Mystical Clays of China

Zisha (Clay)- The complexity of flavors in teas have subjective appeal. However, there are many types of clays that can be used to complement the varieties of teas available today. Each clay has alchemical qualities that fuse with certain tea types, and help hide the unappealing flavors, and/or accentuate the appealing. These magical clays are moulded into artistic teapots that are used during tea ceremonies to enhance the tea drinking experience.

Below is my personal collection of a variety of teapots made from different clays. You can experience some of these clay teapots at my tea parties/classes.

(青白磁) Hasamiyaki Hohin- by Yoshimura Toen kiln from Higashi Sonogi-gun, Nagasaki prefecture.  Hasamiyaki is a type of porcelain first made in Hasami town. The technique was brought from Korea and has 400 years of history. This Hohin is characterized by a pale blue, cool glaze mixed using a wholly original process. Fresh, green teas.(170mL)

(降坡泥) Eggplant Jiang Po Ni- This fully hand-made teapot uses Jiang Po Ni clay from Huang Long mountain. This type of clay was discovered in the 1990’s. It is sometimes called rainbow clay because it is a mix of 3 Zishas: Hongni (red clay), Zini (purple clay), and Duanni (yellow clay). The teapot is carved with the plum blossom and The Plum Flower Poem that means “…fallen in mud and ground to dust, the plum blossom seems no more. But her fragrance remains forever.” Roasted, heavy oxidized Oolong. (170mL)

(紫泥) De Zhong Zini- Zini is aPurple clay that is thought to be the original clay used to make teapots in China. Its good plasticity, high strength, and low firing shrinkage, allowing historical potters to make the famous shapes and designs that are still common to this day. The porosity of Zini clay greatly improves the taste of low-quality tea that most drank in early times. The carved poem means “watching the beauty of the sea and listening to the sound of the waves.” Aged Sheng Puerh, Old White, Heavy Roast Oolong. (220mL)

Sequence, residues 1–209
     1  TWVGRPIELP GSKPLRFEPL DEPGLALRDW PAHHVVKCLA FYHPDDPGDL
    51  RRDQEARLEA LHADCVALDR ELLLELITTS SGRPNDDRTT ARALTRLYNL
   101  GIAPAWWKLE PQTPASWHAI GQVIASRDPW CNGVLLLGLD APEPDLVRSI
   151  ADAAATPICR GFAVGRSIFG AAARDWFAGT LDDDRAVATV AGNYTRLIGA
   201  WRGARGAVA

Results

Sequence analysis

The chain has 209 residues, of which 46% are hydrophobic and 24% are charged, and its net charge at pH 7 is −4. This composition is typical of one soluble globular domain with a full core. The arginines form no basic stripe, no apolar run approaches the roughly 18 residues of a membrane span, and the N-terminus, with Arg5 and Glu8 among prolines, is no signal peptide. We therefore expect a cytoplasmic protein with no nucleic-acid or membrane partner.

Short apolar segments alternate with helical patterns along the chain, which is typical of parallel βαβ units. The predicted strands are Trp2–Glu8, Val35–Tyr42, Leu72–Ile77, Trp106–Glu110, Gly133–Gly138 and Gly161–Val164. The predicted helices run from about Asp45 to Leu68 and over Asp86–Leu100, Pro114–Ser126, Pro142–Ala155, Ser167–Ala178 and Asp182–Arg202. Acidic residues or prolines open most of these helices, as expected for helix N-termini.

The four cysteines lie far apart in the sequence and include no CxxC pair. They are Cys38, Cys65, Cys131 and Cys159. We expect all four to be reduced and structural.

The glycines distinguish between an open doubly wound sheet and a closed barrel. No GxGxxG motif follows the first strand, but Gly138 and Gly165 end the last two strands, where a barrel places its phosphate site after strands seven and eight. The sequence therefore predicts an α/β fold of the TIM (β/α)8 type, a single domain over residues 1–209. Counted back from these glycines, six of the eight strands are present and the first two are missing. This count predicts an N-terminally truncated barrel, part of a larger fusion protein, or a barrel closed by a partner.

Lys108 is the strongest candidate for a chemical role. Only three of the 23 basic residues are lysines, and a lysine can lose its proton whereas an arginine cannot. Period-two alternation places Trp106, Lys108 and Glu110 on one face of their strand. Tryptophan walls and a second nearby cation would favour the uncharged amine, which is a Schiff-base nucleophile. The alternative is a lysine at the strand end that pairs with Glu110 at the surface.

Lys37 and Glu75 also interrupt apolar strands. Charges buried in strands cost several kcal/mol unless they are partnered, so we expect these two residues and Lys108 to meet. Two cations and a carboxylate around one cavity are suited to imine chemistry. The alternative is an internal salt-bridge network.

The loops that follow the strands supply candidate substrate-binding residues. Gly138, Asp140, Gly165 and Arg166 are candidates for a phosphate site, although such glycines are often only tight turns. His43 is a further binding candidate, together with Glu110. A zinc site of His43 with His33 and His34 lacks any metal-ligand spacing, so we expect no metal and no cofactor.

Qin Quan Zini/Luni- This one-of-a-kind, fully hand-made, Qin Quan teapot’s shape comes from the Qing Dynasty, symbolizing the first emperor of Qin unified China. The decorative technique, “Fen Jiang Craft”, also comes from the Qing Dynasty and is a unique process in which the clay is completely dried, ground into powder, mixed with water, and then painted outside or inside the teapots. Black, Old White, Puerh. (180mL)

(朱泥) Qiushui Zhuni- This teapot is made from original ore Zhuni mined in Xiaomeiyao Yixing. This type of clay has a slight bumpy appearance, develops a shine with use, and is prized for its ability to bring out tea’s best flavors. It is a delicate clay that is difficult to fire in the kiln, making it more likely to break during the process. Unroasted, lightly oxidized rolled oolongs like Taiwanese High Mountain Teas, greener Dong Ding, and Sheng (young) Puerh.(170ml)

(焐灰 美人肩) Heini (Zhuni Wuhui) Mei Ren Jian- This “heini” or “black clay” Yixing teapot is produced by firing original ore Zhuni clay in a low oxygen environment (Wuhui-“smother with ash to fire.”) This creates the reduced oxygen environment that gives the clay its black appearance. Unroasted, lightly oxidized rolled oolongs like greener Dong Ding, and Sheng (young) Puerh. (180mL)

 (原矿黄金段) Huangjin Duan- This Yixing Teapot is Original Ore Huangjin Duan. The rich golden color is “Huangjin,” meaning gold in Chinese. Huangjin duan is favored for rounding out the harsher notes of some teas. It is very porous and best at retaining heat. Shu Puerh, Old Aged Tea. (165mL)

(景德镇陶瓷) Jingdezhen- White porcelain teapot is handmade by QingKe Xuan Studio in Jingdezhen. This studio strictly follows the traditional Jingdezhen techniques. Jingdezhen pottery dates back to the Zhenzhong era (1004) and is considered to be “Imperial Porcelain.” Bai Mu Dan, Silver Needle. (190mL)